doi = "10.1016/S0304-3959(02)00496-7",
language = "English",
volume = "104",
pages = "159--167",
journal = "Pain",
issn = "0304-3959",
publisher = "Elsevier",
number = "1-2",

}

Lee, TH, Yang, LC, Chou, AK, Wu, P-C, Lin, CR, Wang, CH, Chen, JT & Tang, CS 2003, 'In vivo electroporation of proopiomelanocortin induces analgesia in a formalin-injection pain model in rats', Pain, 卷 104, 編號 1-2, 頁 159-167. https://doi.org/10.1016/S0304-3959(02)00496-7

In vivo electroporation of proopiomelanocortin induces analgesia in a formalin-injection pain model in rats. / Lee, Tsung Hsing; Yang, Lin Cheng; Chou, An Kuo; Wu, Ping-Ching; Lin, Chung Ren; Wang, Cheng Haung; Chen, Jing Tsang; Tang, Chao Shun.

於: Pain, 卷 104, 編號 1-2, 01.01.2003, p. 159-167.

研究成果: Article

TY - JOUR

T1 - In vivo electroporation of proopiomelanocortin induces analgesia in a formalin-injection pain model in rats

AU - Lee, Tsung Hsing

AU - Yang, Lin Cheng

AU - Chou, An Kuo

AU - Wu, Ping-Ching

AU - Lin, Chung Ren

AU - Wang, Cheng Haung

AU - Chen, Jing Tsang

AU - Tang, Chao Shun

PY - 2003/1/1

Y1 - 2003/1/1

N2 - Opioids remain the most efficacious pharmacological agents for various clinical pain syndromes. Recently, various engineered cells capable of secreting opioidergic peptides have been applied to relieve pain in animal models. In vivo gene delivery by viruses encoding endogenous opioids has also been used with success. In this study, we attempted non-viral intrathecal in vivo gene delivery by electroporation to induce analgesia. Thirty Sprague-Dawley rats were used in this study, six in each of five groups. Rats were treated as follows: vehicle without electroporation (group A), vehicle with electroporation (group B), 100μg of pCMV-hPOMC plasmid without electroporation (group C), or 100μg of pCMV-hPOMC plasmid with electroporation (group D). Group E was treated with both pCMV-hPOMC plasmid and electroporation, and given naloxone (1mg/kg) 1h before the formalin test. The tail flick, paw withdrawal latency from radiant heat, and formalin test results for each groups were compared. Radioimmunoassay (RIA) and reverse transcription-polymerase chain reaction (RT-PCR) were used to determine the levels of expression of β-endorphin in the spinal cord. β-Endorphin expression was localized by immunohistochemistry. A significant decrease in the number of flinches in phase 2 of the formalin test was observed in the group treated with both plasmid and electroporation (group D), whereas the other measures of pain did not differ between groups. RIA and RT-PCR both showed increased expression of β-endorphin in group D. The expression of β-endorphin was highest in laminae I and II of the dorsal horn of the spinal cord. We conclude that electroporation successfully delivered intrathecally administered pCMV-hPOMC into the dorsal horn cells of the spinal cord, and induced analgesia in phase 2 of the formalin test in rats.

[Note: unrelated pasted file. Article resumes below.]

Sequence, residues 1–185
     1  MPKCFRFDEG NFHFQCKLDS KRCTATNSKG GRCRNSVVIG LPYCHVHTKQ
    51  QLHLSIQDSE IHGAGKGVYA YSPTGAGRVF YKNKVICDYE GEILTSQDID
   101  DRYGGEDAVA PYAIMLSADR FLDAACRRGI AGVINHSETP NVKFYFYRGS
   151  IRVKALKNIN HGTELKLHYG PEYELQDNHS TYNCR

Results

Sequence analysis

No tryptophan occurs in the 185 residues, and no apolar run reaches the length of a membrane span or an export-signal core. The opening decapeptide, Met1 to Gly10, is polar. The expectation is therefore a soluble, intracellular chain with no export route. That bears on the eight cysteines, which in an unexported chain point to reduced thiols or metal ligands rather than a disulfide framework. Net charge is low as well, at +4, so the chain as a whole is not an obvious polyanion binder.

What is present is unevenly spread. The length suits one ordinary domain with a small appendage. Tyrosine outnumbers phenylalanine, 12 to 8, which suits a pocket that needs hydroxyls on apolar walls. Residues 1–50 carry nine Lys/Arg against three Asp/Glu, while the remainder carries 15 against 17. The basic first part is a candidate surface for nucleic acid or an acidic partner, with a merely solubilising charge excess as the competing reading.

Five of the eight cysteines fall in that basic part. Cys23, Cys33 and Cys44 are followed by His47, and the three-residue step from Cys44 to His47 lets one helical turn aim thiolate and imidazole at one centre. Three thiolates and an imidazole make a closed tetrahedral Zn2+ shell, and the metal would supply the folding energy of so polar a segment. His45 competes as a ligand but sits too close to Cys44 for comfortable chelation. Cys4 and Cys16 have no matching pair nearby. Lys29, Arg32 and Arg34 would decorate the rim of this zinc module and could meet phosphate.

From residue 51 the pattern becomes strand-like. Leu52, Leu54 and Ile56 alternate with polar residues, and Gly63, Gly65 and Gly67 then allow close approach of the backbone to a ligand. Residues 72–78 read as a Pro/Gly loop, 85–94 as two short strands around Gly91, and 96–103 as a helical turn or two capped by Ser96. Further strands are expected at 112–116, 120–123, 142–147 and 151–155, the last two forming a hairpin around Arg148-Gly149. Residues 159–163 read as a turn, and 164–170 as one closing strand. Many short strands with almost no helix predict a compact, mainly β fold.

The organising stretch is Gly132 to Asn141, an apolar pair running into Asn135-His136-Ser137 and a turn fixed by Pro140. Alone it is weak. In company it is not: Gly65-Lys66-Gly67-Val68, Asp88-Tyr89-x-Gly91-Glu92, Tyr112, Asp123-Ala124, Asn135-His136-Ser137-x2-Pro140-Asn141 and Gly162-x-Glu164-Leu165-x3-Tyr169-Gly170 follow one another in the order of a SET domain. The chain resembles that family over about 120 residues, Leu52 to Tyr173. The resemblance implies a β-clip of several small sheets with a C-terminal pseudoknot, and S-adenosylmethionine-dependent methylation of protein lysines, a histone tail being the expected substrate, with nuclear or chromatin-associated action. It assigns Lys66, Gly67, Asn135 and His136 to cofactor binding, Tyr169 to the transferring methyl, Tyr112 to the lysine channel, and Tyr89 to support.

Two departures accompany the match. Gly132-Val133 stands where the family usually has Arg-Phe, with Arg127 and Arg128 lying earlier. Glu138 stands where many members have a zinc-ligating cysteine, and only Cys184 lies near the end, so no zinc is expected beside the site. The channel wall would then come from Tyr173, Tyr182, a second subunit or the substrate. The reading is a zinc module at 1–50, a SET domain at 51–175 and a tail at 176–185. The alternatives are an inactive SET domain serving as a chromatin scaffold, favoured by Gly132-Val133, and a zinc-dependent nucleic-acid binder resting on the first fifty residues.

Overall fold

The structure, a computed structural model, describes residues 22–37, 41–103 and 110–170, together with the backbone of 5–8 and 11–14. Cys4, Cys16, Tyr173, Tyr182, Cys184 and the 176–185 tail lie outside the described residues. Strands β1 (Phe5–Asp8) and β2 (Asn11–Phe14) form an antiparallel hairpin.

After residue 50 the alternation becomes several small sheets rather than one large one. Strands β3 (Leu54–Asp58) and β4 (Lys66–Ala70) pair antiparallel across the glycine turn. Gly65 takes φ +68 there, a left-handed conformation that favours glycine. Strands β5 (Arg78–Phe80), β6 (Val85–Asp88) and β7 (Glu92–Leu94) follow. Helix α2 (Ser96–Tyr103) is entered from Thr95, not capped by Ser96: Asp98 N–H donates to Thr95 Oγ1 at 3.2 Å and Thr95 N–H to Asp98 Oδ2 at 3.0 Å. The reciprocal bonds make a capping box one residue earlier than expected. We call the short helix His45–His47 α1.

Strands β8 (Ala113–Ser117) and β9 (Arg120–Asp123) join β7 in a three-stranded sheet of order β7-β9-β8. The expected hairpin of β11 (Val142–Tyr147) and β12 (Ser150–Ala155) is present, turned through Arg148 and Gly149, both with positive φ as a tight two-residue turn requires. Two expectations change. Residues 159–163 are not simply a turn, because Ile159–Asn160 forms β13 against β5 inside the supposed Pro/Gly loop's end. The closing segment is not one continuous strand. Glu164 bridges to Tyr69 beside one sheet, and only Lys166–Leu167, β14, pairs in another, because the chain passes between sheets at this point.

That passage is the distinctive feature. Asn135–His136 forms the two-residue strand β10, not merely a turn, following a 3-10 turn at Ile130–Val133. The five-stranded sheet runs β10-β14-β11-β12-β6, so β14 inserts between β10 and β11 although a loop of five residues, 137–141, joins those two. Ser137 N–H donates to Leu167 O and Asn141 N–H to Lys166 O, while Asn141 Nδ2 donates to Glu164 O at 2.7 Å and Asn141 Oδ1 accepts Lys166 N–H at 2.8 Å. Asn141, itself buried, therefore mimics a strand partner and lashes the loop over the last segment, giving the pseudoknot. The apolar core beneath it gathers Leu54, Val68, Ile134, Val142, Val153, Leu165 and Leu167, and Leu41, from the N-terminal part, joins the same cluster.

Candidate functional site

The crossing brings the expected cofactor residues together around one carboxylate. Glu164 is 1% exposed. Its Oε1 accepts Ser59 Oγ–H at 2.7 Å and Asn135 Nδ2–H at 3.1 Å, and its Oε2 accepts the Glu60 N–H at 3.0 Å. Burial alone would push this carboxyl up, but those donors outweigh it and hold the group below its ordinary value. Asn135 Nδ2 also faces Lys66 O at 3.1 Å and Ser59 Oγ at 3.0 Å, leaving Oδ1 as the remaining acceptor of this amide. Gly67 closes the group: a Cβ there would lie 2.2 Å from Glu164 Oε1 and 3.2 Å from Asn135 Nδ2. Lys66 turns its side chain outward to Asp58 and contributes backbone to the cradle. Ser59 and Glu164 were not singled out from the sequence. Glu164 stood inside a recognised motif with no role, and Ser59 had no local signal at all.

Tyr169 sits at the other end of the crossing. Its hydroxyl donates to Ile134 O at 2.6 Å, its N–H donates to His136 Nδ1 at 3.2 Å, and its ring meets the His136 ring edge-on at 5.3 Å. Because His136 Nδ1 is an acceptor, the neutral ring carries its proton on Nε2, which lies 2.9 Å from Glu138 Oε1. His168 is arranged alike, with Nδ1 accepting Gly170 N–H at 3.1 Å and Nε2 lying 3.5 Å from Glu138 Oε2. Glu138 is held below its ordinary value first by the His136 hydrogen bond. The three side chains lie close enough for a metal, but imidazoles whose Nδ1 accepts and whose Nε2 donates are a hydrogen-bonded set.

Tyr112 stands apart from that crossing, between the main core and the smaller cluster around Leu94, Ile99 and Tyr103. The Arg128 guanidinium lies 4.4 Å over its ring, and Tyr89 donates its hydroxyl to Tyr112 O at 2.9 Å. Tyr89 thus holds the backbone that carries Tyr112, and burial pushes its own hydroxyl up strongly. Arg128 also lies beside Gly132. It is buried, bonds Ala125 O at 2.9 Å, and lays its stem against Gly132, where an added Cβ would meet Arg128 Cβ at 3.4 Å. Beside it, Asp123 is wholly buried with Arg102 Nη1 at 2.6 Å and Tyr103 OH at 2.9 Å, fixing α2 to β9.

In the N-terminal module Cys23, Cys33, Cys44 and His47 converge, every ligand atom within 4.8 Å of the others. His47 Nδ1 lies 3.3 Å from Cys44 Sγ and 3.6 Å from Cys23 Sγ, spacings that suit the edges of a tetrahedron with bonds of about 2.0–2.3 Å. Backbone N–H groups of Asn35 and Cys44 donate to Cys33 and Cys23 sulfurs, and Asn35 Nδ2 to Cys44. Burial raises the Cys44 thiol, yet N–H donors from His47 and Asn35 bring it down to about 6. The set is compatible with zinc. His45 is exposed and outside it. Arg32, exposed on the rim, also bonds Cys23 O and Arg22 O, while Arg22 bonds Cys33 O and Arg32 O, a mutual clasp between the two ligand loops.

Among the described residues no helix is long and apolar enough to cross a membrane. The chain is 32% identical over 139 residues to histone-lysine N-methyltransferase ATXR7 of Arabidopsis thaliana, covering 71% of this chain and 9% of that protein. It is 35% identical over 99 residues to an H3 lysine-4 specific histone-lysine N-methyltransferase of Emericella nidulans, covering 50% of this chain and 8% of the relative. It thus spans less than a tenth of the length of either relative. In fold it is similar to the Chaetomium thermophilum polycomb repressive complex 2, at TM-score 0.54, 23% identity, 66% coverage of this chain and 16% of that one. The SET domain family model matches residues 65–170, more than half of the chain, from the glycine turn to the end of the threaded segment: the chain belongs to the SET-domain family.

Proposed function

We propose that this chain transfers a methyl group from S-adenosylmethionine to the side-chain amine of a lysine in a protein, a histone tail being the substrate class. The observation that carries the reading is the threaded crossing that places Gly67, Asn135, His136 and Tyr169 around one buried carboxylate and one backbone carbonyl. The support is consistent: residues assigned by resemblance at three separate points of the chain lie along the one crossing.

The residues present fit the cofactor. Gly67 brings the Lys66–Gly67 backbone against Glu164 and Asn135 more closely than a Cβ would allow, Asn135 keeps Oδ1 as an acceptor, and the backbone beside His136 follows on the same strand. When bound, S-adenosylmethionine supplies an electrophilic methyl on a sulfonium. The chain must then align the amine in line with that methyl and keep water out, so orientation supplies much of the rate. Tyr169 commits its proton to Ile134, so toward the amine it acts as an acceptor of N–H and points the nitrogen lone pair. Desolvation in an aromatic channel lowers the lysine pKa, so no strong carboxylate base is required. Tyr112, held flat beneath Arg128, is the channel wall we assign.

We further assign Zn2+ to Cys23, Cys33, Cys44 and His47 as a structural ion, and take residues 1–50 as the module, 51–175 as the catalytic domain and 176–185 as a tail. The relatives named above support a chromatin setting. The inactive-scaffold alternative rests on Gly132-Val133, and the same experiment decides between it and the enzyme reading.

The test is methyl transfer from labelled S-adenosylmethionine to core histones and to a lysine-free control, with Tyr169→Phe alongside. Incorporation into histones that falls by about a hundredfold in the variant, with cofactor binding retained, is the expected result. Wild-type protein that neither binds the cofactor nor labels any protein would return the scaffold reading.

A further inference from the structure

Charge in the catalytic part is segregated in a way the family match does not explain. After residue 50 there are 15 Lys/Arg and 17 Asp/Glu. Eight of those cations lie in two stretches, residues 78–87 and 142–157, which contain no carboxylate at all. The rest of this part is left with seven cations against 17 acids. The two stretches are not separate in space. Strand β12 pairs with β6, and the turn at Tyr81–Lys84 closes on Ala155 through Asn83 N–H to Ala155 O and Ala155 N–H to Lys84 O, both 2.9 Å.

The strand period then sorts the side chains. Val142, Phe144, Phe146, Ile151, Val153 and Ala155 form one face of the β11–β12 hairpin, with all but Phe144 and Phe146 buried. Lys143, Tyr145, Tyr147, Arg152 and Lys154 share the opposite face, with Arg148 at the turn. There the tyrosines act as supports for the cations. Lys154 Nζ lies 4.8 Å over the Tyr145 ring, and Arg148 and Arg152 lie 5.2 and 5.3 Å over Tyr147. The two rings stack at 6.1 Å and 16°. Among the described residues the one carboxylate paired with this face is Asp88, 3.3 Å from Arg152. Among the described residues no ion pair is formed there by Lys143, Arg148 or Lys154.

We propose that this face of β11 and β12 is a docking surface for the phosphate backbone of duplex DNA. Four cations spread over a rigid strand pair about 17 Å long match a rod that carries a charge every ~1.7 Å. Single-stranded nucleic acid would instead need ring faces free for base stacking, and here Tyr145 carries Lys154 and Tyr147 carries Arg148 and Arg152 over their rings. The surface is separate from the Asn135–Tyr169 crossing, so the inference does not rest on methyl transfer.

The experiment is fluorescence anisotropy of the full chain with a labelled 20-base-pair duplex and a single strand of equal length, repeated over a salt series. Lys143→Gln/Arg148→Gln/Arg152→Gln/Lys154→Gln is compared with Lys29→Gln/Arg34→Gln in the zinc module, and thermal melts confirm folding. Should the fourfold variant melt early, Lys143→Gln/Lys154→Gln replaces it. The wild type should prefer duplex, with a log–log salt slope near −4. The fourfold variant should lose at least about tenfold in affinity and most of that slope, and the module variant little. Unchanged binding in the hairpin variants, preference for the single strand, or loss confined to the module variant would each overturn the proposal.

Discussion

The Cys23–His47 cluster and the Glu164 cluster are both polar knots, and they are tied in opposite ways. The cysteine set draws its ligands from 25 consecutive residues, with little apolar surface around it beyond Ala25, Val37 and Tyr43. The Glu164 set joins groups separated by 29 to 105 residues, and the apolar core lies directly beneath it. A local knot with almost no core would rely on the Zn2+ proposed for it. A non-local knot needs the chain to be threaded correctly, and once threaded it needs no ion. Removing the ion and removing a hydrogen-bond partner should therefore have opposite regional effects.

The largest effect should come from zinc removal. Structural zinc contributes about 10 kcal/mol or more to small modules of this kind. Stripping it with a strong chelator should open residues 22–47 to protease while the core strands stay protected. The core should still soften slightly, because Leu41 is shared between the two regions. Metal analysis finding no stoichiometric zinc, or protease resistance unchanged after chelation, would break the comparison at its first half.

AB - Opioids remain the most efficacious pharmacological agents for various clinical pain syndromes. Recently, various engineered cells capable of secreting opioidergic peptides have been applied to relieve pain in animal models. In vivo gene delivery by viruses encoding endogenous opioids has also been used with success. In this study, we attempted non-viral intrathecal in vivo gene delivery by electroporation to induce analgesia. Thirty Sprague-Dawley rats were used in this study, six in each of five groups. Rats were treated as follows: vehicle without electroporation (group A), vehicle with electroporation (group B), 100μg of pCMV-hPOMC plasmid without electroporation (group C), or 100μg of pCMV-hPOMC plasmid with electroporation (group D). Group E was treated with both pCMV-hPOMC plasmid and electroporation, and given naloxone (1mg/kg) 1h before the formalin test. The tail flick, paw withdrawal latency from radiant heat, and formalin test results for each groups were compared. Radioimmunoassay (RIA) and reverse transcription-polymerase chain reaction (RT-PCR) were used to determine the levels of expression of β-endorphin in the spinal cord. β-Endorphin expression was localized by immunohistochemistry. A significant decrease in the number of flinches in phase 2 of the formalin test was observed in the group treated with both plasmid and electroporation (group D), whereas the other measures of pain did not differ between groups. RIA and RT-PCR both showed increased expression of β-endorphin in group D. The expression of β-endorphin was highest in laminae I and II of the dorsal horn of the spinal cord. We conclude that electroporation successfully delivered intrathecally administered pCMV-hPOMC into the dorsal horn cells of the spinal cord, and induced analgesia in phase 2 of the formalin test in rats.

UR - http://www.scopus.com/inward/record.url?scp=0037823499&partnerID=8YFLogxK

UR - http://www.scopus.com/inward/citedby.url?scp=0037823499&partnerID=8YFLogxK

U2 - 10.1016/S0304-3959(02)00496-7

DO - 10.1016/S0304-3959(02)00496-7

M3 - Article

C2 - 12855325

AN - SCOPUS:0037823499

VL - 104

SP - 159

EP - 167

JO - Pain

JF - Pain

SN - 0304-3959

IS - 1-2

ER -